American Football player stuns teammates by singing Andrea Bocelli anthem

11 August 2022, 15:26

Duke University's offensive lineman, Chance Lytle, stunned his team mates with a rousing rendition of a beloved Italian song

Duke University’s offensive lineman, Chance Lytle, stunned his team mates with a rousing rendition of a beloved Italian song.

Picture: DukeFB / TikTok


Duke University’s offensive lineman, Chance Lytle, wowed his fellow footballers with a rousing rendition of a beloved Italian song.

24-year-old Chance Lytle is a new student at Duke University’s Fuqua School of Business, where he is studying for a masters in management.

Lytle was drafted into the Ivy League school’s football team for the upcoming school year, having previously played in 30 career games at his former college, University of Colorado.

Prior to arriving at Duke however, Lytle studied a dual undergraduate degree in music & voice performance and psychology, and decided to share his talents with his new teammates, which was captured in a now viral TikTok video.

The American Footballer was filmed singing an Italian song, made famous by Andrea Bocelli, Con Te Partirò, at Duke’s ‘fall football camp’ (a getting-to-know-each-other event for the new team) during an evening meal.

The reaction from his teammates is glorious, and says all you need to know about their views on a star soloist joining the squad. Watch below.

Read more: Baby has a priceless reaction to hearing operatic mum sing for the first time

The Duke Football TikTok account shared the video captioning that Lytle had the “Voice of an angel”.

Commenters were not only impressed by the footballer’s vocals, but by the team’s joy at their newest recruit’s talent.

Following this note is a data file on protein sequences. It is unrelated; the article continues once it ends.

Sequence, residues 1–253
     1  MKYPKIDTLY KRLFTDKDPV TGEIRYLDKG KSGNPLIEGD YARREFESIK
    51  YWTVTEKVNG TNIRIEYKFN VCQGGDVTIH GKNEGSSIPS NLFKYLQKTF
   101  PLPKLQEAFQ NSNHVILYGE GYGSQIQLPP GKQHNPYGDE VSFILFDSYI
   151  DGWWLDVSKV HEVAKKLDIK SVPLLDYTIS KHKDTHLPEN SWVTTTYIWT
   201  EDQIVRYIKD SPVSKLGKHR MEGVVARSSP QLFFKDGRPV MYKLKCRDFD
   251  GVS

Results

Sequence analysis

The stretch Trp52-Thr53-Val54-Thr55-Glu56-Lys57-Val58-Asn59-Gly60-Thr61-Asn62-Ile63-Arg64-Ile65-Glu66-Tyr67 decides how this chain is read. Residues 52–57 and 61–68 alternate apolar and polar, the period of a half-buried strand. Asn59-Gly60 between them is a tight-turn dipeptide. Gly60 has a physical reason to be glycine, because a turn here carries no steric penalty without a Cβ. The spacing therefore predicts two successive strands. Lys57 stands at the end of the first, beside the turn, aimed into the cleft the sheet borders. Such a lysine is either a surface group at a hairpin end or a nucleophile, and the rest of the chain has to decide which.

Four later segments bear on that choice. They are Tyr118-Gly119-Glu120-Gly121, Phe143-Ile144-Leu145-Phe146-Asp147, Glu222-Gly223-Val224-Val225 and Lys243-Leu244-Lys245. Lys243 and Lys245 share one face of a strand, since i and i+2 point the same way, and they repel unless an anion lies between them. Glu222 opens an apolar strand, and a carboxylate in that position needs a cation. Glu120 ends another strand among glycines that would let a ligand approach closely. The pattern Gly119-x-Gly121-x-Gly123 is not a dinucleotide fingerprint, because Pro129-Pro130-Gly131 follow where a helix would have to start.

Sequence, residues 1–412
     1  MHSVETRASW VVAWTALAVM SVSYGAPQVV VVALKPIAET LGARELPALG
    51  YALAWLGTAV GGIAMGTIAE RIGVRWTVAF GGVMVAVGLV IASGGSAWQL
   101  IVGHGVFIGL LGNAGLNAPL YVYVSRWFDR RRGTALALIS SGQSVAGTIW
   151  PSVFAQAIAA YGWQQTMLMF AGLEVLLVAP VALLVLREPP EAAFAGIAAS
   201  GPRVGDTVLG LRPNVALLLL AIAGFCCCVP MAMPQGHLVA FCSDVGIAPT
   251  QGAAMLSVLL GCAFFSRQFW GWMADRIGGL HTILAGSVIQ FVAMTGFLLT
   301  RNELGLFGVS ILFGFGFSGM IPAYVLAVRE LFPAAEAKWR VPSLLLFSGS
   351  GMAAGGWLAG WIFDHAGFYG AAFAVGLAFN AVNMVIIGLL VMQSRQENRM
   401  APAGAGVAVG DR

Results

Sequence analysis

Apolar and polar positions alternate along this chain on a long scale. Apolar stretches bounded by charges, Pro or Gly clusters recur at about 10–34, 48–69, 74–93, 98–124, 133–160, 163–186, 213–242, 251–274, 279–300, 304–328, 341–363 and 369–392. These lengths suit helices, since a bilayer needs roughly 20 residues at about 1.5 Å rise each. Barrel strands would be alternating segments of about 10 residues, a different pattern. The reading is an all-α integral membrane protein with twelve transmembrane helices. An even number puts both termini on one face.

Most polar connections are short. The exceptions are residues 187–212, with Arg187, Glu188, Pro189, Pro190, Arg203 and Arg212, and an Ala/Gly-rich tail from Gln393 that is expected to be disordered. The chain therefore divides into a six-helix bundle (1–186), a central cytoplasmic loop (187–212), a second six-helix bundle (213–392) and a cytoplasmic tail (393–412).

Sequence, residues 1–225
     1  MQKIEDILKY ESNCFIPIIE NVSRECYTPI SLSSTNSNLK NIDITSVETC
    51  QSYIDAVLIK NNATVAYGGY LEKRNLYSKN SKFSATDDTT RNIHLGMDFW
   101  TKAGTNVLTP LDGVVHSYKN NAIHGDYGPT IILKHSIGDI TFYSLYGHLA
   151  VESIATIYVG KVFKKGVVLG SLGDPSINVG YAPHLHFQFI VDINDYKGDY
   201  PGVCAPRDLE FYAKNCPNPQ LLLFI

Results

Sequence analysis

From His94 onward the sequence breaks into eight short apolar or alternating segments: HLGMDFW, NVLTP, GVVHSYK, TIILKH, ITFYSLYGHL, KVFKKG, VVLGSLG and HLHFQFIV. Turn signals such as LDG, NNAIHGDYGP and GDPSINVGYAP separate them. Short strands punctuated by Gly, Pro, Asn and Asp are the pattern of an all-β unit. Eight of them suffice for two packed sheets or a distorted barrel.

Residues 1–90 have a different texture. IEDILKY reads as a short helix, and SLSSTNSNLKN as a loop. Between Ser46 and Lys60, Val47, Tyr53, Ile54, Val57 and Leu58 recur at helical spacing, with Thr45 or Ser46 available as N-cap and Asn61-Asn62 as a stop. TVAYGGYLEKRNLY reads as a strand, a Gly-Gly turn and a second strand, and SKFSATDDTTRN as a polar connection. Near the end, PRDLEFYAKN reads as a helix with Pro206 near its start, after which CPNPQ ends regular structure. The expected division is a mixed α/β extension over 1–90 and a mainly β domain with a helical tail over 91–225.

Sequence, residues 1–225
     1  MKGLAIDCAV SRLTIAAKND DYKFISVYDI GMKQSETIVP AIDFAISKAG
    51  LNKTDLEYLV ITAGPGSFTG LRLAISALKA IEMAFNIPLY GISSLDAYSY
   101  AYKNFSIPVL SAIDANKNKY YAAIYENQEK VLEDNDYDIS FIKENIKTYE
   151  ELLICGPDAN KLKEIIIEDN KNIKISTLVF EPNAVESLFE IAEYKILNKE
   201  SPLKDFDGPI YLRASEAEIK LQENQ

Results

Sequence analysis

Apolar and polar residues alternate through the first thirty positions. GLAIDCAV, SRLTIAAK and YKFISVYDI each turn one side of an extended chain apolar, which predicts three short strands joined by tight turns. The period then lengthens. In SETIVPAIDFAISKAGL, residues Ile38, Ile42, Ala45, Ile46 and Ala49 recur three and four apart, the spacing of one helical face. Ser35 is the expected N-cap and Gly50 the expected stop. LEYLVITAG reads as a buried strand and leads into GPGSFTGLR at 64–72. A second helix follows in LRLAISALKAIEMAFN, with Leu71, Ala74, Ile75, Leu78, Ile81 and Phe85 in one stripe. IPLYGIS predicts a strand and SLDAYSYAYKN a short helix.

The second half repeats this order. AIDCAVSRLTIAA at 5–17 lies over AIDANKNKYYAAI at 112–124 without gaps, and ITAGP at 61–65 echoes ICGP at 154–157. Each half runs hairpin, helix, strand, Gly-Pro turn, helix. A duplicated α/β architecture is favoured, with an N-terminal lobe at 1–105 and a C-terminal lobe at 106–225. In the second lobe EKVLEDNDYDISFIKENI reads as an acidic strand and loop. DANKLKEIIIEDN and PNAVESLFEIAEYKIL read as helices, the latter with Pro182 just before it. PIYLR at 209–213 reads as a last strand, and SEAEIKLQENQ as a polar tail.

“This is the kind of supportive masculinity we love to see!!”, one user commented, while another noted, “nothing makes me happier than bros hyping up their bros”.

It’s clear Lytle has a promising career on the football field, but also on the opera house stage. He has previously appeared in productions such as Mozart’s The Marriage of Figaro and Sondheim’s, Sweeney Todd: The Demon Barber of Fleet Street.

Read more: How the marching band became a staple of American music education

Lytle, was originally a violinist, but as he grew (to the 6 foot 7″ footballer he is today), he switched to cello. After a shoulder injury stopped him from playing either instrument, Lytle tried his hand at singing and found he had a “natural talent” for it.

Whilst Lytle is still focused on his football career for now, in the long term, he says the goal is to make singing his “entire living”.

And when it comes to splitting his practice time between field and opera stage, Lytle previously told the University of Colorado’s media team, “Both [music and football] require unbelievable amounts of practice.

“That’s something that thankfully crosses over. That work ethic carries through to all aspects of my life.

“The way I try to approach it is to put as much into music as I put into football, and vice versa.”

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